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Corey Roth [MVP]

A SharePoint MVP bringing you the latest time saving tips for SharePoint 2013, Office 365 / SharePoint Online and Visual Studio 2013.

How to: Seal a Content Type

Sometimes, you want to make absolutely sure that someone can’t go in and change your content type via the Windows SharePoint Services user interface.  If an administrator were to delete or rename columns in your content type this can cause all sorts of issues as things may or may not be prorogated down to the child types.  You might also want to ensure that a content type is only created / modified by using a feature and CAML.   To solve this, a content type can be marked as sealed and it can only be marked as sealed through the object model.  This prevents any casual changes to the content type via the user interface.

The code to seal a content type is pretty simple.  Just get a reference to the particular content type you want to change, set Sealed to true and update the content type.  In my example, I am just changing a content type off the root of the site collection called Test Content Type.   Here is the code.

   14             using (SPSite currentSiteCollection = new SPSite("http://moss-server"))

   15             {

   16                 SPContentType contentType = currentSiteCollection.RootWeb.ContentTypes["Test Content Type"];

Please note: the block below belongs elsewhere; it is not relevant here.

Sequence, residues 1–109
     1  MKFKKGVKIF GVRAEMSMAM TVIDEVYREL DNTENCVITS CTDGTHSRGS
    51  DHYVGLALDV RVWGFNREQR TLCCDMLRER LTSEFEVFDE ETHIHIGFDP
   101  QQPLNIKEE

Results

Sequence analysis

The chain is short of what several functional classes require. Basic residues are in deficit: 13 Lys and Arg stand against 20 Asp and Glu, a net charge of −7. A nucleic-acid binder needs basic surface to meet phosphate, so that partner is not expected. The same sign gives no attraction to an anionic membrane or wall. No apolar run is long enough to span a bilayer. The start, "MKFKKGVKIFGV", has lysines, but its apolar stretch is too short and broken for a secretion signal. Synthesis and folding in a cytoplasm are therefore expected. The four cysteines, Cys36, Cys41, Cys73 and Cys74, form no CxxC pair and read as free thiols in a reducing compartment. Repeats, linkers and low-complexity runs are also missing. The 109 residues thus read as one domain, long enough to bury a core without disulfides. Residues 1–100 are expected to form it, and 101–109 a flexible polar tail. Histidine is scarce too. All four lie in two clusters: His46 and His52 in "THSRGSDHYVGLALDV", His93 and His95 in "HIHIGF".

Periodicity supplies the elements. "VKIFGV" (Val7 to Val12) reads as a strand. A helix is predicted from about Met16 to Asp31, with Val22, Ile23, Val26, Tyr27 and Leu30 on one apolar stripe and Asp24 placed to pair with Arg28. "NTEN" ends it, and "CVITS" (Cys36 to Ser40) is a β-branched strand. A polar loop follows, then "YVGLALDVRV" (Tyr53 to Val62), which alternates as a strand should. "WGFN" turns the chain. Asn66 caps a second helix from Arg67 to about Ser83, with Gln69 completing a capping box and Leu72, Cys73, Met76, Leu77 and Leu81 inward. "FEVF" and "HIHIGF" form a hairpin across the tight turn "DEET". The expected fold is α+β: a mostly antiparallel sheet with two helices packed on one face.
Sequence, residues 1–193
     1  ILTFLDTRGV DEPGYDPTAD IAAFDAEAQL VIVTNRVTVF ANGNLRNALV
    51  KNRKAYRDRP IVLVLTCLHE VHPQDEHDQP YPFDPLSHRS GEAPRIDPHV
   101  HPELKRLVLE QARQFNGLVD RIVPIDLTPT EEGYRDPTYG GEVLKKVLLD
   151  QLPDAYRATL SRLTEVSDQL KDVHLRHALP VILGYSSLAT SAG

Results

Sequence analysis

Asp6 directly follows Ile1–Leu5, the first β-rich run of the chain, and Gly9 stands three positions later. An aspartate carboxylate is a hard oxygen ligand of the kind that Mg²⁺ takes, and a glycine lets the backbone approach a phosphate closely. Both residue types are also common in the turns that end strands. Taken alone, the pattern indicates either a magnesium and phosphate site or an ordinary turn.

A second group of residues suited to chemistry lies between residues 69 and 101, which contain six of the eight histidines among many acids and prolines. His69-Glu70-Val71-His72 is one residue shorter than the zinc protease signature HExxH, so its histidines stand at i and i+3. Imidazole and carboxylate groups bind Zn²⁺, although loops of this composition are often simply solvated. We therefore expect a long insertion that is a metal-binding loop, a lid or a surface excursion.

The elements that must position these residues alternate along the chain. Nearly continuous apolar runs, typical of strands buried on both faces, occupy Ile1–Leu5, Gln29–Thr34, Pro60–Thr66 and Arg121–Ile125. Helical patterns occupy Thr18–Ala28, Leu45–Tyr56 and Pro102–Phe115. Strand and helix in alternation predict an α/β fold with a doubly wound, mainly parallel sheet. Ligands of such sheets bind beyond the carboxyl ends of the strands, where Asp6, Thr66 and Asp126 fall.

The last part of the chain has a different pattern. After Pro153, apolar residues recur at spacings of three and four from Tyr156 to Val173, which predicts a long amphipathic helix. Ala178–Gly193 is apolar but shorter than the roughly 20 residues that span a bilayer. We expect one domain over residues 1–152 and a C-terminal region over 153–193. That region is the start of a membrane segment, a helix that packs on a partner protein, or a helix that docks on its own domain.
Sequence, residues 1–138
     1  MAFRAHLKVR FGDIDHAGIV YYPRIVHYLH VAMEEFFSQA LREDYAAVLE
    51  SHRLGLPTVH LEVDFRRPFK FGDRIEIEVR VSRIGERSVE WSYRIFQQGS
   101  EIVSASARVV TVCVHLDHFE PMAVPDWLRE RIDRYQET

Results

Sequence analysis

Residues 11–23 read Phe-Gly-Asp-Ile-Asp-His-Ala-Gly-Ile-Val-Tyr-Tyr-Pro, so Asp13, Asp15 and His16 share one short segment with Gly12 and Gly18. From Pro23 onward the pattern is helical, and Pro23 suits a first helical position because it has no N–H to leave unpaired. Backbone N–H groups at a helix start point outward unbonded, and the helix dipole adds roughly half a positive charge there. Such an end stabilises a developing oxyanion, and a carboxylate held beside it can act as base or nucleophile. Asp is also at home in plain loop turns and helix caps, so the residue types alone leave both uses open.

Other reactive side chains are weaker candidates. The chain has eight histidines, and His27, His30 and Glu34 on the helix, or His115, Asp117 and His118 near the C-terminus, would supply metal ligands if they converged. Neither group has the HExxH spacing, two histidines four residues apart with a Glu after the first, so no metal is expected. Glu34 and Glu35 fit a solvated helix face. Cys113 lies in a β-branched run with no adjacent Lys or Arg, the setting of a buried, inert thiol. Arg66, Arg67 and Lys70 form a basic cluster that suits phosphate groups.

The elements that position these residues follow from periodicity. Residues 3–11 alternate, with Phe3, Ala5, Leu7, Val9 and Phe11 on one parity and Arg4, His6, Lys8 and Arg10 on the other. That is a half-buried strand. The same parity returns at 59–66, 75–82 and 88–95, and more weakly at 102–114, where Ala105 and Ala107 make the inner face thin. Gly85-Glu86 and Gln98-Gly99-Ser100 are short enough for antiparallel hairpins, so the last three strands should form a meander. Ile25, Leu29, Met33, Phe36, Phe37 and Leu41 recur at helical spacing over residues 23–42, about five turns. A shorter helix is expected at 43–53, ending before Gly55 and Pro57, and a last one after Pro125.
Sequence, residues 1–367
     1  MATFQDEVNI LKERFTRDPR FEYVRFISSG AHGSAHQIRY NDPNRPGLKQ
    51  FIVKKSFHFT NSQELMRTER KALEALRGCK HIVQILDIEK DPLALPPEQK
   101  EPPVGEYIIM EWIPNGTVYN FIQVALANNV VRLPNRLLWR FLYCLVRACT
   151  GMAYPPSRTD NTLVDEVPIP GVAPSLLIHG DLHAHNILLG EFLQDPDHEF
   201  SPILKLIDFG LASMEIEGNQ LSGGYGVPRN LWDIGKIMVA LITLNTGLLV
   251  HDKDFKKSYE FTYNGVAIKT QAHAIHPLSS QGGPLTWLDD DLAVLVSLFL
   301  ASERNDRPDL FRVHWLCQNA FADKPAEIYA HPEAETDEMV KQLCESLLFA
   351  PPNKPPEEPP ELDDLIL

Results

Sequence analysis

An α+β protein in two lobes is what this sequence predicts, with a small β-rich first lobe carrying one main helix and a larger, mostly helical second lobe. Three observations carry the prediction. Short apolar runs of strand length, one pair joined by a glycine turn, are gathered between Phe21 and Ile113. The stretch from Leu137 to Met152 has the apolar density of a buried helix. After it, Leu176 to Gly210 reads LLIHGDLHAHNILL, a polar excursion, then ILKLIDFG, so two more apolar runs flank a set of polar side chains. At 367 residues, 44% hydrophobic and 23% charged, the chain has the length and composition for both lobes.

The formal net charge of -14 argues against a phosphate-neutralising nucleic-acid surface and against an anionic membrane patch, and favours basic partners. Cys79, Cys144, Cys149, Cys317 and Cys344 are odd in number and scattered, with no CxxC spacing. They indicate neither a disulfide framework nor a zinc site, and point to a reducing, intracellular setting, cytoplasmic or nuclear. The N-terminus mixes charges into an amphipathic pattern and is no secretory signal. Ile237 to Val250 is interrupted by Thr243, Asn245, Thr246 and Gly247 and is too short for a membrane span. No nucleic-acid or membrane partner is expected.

17                 contentType.Sealed = true;

   18                 contentType.Update();

   19             }

Of course there are some things you should know before sealing a content type.  As mentioned before, you will not be able to make any changes in the user interface as you can see below.  You also have to be a site collection administrator to seal the content type.  This means your code has to be executed by a user with appropriate permissions (a console app works fine).  You also need to know that sealed content types are not updated through push-down operations.  So if a change is made in a SPWeb’s content type and a list’s content type beneath it is sealed, that child content type won’t be updated.  You just have to remove all of your seals first.

ContentTypeSealed

That is what your content type will look like once it is sealed.  This concept also applies to the SPField object (for Site Columns) as well, the code would be quite similar and also makes use of the Sealed property.  You can also seal content types at the list level as well.  To unseal your content type, just set the sealed property to false and update it again.

Comments

 

Siyasanga said:

Corey

Just wanna ask you a small question, on the dilogue box(edit form) of the drop off library where you choose a content type when uploading a document to a recod center, would it be possible to change the dropdown field name from "Content Type" to something else ? When users are choosing a content type to route thier records, I don't want it to say "Content Type", I want it to display whatever I changed it to.

June 14, 2011 4:14 AM
 

CoreyRoth said:

I think you are stuck with whatever the content type's name is in this case.

June 20, 2011 4:14 PM
 

R??f??rences pour D??veloppement en SharePoint | BLOC NOTE POUR D??VELOPPEURS SHAREPOINT said:

Pingback from  R??f??rences pour D??veloppement en SharePoint  | BLOC NOTE POUR D??VELOPPEURS SHAREPOINT

July 8, 2013 1:59 PM

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About CoreyRoth

Corey Roth is an independent SharePoint consultant specializing in ECM, Apps, and Search.
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